Arts & Culture

It takes two to tango: The two person play 'Six Dance Lessons in Six Weeks'

Mike Shanley and Kelli Rodda in 'Six Dance Lessons in Six Weeks.'
Mike Shanley and Kelli Rodda in 'Six Dance Lessons in Six Weeks.'

Richard Alfieri’s two-person play, “Six Dance Lessons in Six Weeks” premiered in Los Angeles, played on Broadway and has been produced in London, Madrid, Tokyo, Budapest and other cities around the world.

Now the Pewter Plough Playhouse has brought it to Cambria. It’s a solid, well-written play, and its universal appeal comes from the playwright’s ability to create two people to care about, mix comedy and pathos, and make some witty and insightful observations about aging, tolerance and friendship. Sandy Bosworth directs the Cambria production.

Lily Harrison, a retired schoolteacher and the widow of a Southern Baptist minister, lives in an ocean view retirement community in St. Petersburg Beach, Fla. ( “Heaven’s boot camp”).

She hires gay dance teacher Michael Minetti to come to her home to give her lessons, but they get off on the wrong foot as she lies about having a husband and he lies about having a wife. Both of them are impulsive, outspoken and touchy, and because they have no history, they have no inhibitions about blurting out their reactions to each other. Over the weeks, as they dance the swing, the tango, and the waltz, their relationship develops into a self-described “pattern of lying and arguing.”

The first act is a comic duel of personalities, peppered with clever lines that offer glimpses of what it’s like to grow old, especially alone, or to be gay, particularly in the south. As they bicker and banter, they find themselves in “a sweepstake for craziness.”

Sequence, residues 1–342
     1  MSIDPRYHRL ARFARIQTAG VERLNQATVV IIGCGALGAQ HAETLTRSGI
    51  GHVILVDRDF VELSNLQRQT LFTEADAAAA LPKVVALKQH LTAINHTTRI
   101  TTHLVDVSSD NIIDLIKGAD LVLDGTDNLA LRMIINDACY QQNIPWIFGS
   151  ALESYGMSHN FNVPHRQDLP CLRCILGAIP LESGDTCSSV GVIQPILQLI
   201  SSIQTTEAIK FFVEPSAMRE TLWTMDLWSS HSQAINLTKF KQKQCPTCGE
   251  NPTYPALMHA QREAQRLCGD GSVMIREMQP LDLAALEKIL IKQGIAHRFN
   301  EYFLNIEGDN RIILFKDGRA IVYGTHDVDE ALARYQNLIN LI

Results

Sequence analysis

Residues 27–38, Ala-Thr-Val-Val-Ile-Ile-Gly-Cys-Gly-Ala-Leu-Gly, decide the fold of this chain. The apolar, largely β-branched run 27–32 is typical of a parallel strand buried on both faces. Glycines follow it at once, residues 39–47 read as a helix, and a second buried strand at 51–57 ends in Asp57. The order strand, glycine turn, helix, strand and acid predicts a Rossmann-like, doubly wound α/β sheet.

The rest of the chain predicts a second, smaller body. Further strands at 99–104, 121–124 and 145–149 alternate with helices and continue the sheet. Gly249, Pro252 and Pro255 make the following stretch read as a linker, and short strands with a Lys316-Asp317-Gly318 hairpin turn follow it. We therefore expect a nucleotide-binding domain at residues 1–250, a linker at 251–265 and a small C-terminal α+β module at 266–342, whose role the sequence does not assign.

The tone changes in the second act as Lily and Michael begin to connect as they reveal the stories along the rough roads of their lives, and the comedy morphs into a touching fable about friendship.

Kelli Rodda is good as Lily, sarcastic and sharp-tongued, but likable. Rodda is a couple of decades too young for the part, but with makeup and subtle body language, she pulls it off well. She has some great lines that people of a certain age will relate to, such as old women becoming invisible and the futile search for a man her age, most of whom “are married or already dead.” After being married to a Baptist minister for so long she is “ready to violate a few commandments before it’s too late.”

As Michael Minetti, Michael Shanley has some of the funniest dialogue, some of it as he comments on the dances. For example, the tango is “undiluted musical foreplay.” Shanley develops an interesting character as a man who projects a manic façade, but admits that as a gay man in the south, he’s “afraid of running into one of those rednecks from ‘Deliverance.’ ”

The actual dance moments are brief, but fun and well done, as Michael discovers that Lily already knows most of the moves.

The centerpiece of the set by Arthur Van Rhyn is the window looking out on the seascape as it changes from sunrise to sunset. Lighting is by Colleen Spiller. Each week Lily and Michael dress colorfully and appropriately for their dance lesson, formal for the waltz, Latin for the tango, etc., so there are breaks between scenes as they change costumes backstage.

This is a strong play, and thanks go to the Plough for bringing us something new and vibrant. A film is in the works. It will be interesting to see who will play Lily and Michael.